By: Edith Batalla
Mayon Volcano is often referred to as the Beautiful Maiden. Bicolanos call her Daragang Magayon, hence, Mayon. Legend has it Mayon sprang from the graves of the maiden and her true love, Ulap. They died in a war against Ulap’s rival and where the lovers were buried side by side a mound appeared, which grew in size as years passed.
Having undergone a sea-change, Daragang Magayon and Ulap (Cloud) are now free to express their feelings. They kiss even if (or because!) we’re looking, that’s why sometimes Mayon’s tip is covered with clouds.
We Albayanos are used to Mayon’s occasional outbursts so we know what to do when her temper rises. When her tip becomes needle-point sharp, that means much magma has risen, ready to be released. But always, its release is preceded by intermittent earthquakes and sometimes explosions.
The air also becomes humid. Since Mayon emits smoke everyday, she doesn’t get bottled up, so she doesn’t self-destruct, unlike Mt. Pinatubo.
Legazpi City is rarely adversely affected by eruptions because it’s 15 kilometers away from the crater. Legazpeños do enjoy grand celestial shows for days on end: mushroom clouds of ash by day and tangerine fingers tracing Mayon’s conical form by night. Fatal? I’m still alive after experiencing several eruptions in my lifetime.
On July 26, 2001 at 8:00 a.m. as I was encoding a text message to a friend, Mayon exploded so I continued with “Mayon is erupting!” My friend’s reply was, “What’s happening to you? Mayon is erupting yet you’re still texting.” Indeed, I was texting. Mayon was erupting. Different strokes for different folks.
One day in September 2006 when Mayon erupted I was atop Lignon Hill (near Legazpi airport) together with a friend who took a non-stop video (for a full hour!) of the oozing lava.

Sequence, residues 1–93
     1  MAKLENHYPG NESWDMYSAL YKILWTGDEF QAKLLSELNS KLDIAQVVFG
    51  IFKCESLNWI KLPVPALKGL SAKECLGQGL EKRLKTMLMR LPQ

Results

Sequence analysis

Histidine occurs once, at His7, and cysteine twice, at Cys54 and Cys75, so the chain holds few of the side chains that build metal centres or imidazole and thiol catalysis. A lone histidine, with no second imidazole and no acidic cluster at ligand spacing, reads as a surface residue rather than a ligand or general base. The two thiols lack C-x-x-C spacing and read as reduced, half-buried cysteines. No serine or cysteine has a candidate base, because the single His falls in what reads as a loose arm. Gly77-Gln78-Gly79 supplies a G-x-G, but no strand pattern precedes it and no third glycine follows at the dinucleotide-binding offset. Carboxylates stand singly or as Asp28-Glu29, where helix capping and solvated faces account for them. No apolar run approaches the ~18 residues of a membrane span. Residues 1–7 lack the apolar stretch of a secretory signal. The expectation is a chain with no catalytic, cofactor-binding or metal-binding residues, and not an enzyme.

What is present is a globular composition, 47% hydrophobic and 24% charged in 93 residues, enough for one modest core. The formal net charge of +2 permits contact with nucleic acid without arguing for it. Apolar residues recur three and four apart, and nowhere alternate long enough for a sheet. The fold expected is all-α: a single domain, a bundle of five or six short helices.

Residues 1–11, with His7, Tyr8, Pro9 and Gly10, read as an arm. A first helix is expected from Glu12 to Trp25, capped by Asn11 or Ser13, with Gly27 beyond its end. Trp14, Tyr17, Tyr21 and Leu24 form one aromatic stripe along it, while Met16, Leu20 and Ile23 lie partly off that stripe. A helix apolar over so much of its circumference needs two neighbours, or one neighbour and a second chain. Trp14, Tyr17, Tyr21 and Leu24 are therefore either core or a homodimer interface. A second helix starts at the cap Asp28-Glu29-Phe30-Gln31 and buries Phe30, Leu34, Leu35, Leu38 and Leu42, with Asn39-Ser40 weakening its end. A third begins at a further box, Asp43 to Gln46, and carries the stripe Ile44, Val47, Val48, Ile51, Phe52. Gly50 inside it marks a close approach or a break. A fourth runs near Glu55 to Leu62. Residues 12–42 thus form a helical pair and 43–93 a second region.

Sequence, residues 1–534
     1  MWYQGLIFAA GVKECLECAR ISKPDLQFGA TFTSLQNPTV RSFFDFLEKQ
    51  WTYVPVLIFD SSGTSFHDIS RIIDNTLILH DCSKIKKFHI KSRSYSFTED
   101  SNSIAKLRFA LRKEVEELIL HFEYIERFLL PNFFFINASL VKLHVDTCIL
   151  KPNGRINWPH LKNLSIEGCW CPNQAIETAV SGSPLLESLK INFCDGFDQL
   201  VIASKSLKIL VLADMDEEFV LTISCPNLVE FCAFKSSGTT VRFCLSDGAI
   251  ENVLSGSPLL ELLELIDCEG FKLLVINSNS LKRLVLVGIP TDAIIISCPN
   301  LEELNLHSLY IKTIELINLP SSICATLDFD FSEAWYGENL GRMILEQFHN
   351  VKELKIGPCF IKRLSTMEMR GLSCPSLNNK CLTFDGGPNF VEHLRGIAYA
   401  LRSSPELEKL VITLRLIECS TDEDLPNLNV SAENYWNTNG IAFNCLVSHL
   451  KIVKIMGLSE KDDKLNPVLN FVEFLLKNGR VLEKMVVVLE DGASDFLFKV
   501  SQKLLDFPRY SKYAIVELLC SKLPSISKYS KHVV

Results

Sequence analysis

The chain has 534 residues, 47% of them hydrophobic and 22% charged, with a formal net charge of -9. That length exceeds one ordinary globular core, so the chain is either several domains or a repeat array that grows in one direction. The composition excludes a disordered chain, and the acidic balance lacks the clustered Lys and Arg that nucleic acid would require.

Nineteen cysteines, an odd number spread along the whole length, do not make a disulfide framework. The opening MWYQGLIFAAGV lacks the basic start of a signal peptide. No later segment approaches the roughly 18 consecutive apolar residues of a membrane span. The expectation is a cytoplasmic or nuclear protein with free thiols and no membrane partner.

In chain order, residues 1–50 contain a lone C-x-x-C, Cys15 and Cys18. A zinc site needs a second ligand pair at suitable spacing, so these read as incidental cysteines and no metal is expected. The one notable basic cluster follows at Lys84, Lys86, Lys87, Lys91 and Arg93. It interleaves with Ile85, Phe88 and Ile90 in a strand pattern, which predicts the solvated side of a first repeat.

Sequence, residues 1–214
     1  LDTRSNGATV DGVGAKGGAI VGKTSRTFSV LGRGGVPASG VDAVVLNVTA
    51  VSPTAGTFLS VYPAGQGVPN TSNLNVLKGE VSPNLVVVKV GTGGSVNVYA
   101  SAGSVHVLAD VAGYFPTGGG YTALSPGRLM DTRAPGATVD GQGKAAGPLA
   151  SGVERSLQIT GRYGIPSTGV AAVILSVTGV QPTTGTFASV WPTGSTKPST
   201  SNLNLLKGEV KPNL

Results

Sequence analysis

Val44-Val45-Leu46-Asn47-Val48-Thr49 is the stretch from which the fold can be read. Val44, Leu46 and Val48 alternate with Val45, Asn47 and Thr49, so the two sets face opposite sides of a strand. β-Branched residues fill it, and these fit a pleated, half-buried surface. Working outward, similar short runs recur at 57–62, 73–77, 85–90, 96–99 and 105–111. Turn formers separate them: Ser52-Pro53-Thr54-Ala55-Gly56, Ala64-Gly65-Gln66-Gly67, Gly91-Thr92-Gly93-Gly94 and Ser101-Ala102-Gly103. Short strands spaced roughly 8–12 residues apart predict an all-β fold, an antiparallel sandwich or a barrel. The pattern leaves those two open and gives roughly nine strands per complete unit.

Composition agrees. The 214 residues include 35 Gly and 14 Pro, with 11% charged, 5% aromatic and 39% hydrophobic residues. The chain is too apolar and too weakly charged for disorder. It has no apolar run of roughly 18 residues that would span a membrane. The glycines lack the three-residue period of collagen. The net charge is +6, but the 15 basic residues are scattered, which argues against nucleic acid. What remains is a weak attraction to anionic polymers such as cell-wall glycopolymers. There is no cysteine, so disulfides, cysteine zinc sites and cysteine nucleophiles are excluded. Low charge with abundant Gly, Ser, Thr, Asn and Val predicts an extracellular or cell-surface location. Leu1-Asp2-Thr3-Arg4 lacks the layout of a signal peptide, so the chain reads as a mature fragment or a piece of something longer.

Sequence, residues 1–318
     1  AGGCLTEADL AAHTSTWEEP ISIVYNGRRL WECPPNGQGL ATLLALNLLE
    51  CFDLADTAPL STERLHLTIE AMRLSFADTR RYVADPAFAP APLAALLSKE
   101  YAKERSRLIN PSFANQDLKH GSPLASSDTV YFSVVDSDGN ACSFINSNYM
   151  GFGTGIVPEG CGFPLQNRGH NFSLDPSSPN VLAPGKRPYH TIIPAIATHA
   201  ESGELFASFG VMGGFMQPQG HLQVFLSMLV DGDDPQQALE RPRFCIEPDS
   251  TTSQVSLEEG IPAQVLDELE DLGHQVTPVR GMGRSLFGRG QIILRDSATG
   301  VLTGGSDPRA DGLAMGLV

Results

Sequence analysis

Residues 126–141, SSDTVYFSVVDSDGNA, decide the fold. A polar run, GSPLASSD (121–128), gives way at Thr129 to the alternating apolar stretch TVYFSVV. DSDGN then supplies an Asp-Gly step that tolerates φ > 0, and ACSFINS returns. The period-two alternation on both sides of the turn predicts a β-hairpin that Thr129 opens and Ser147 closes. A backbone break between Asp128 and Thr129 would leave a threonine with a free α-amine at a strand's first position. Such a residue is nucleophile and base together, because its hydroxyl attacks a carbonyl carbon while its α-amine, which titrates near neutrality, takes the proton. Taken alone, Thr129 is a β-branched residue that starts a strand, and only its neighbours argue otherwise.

Many people think that whenever Mayon erupts, all Albayanos scamper like scared cats. If camera eyes were more resourceful, they would focus not only on people evacuating from the slopes but also on awestruck viewers, some of whom are on rooftops and hilltops – munching chips- while cheering Mayon as if she were in a performance.
Of course, the volcano’s slopes up to 6-8 km radius, the gullies and the waterways where lava may flow are “no man’s land.”
If you have the time to be “creatively idle” while here, you will see how Mayon changes colors at certain times of the day and at different seasons. On overcast days she’s cotton-white grayish to ash-grey (or she’s not there at all, the magician David Copperfield probably wipes her out!); after a heavy rain when the sky clears up, she’s deep blue-green; when the sunlight becomes keener, she turns ochre in some spots, yellowish in others, dark green to blue in most parts, and charcoal-grey to black in the gullies where her emissions of sand, gravel, and boulders are deposited. At high noon in summer she’s gorgeous! All her sunlit colors become more vivid than usual.
Like any beautiful woman, Mayon maintains her exquisite form – come hell, fire or brimstone! (EDB, email@example.com)
This post was contributed by Edith Batalla from CamSur – one of our readers